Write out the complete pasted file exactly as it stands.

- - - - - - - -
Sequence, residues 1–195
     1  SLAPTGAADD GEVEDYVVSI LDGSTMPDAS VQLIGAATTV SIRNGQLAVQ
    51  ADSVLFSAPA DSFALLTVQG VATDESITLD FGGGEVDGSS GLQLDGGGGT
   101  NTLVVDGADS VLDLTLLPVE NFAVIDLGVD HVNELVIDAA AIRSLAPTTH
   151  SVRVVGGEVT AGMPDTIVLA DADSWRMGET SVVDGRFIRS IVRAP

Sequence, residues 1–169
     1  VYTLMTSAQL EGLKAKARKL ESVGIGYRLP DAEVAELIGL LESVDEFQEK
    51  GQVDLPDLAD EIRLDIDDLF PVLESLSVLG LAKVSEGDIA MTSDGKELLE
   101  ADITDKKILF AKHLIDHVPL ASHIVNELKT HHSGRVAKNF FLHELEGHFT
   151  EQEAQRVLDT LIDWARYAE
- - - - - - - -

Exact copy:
Sequence, residues 1–195
     1  SLAPTGAADD GEVEDYVVSI LDGSTMPDAS VQLIGAATTV SIRNGQLAVQ
    51  ADSVLFSAPA DSFALLTVQG VATDESITLD FGGGEVDGSS GLQLDGGGGT
   101  NTLVVDGADS VLDLTLLPVE NFAVIDLGVD HVNELVIDAA AIRSLAPTTH
   151  SVRVVGGEVT AGMPDTIVLA DADSWRMGET SVVDGRFIRS IVRAP

Sequence, residues 1–169
     1  VYTLMTSAQL EGLKAKARKL ESVGIGYRLP DAEVAELIGL LESVDEFQEK
    51  GQVDLPDLAD EIRLDIDDLF PVLESLSVLG LAKVSEGDIA MTSDGKELLE
   101  ADITDKKILF AKHLIDHVPL ASHIVNELKT HHSGRVAKNF FLHELEGHFT
   151  EQEAQRVLDT LIDWARYAE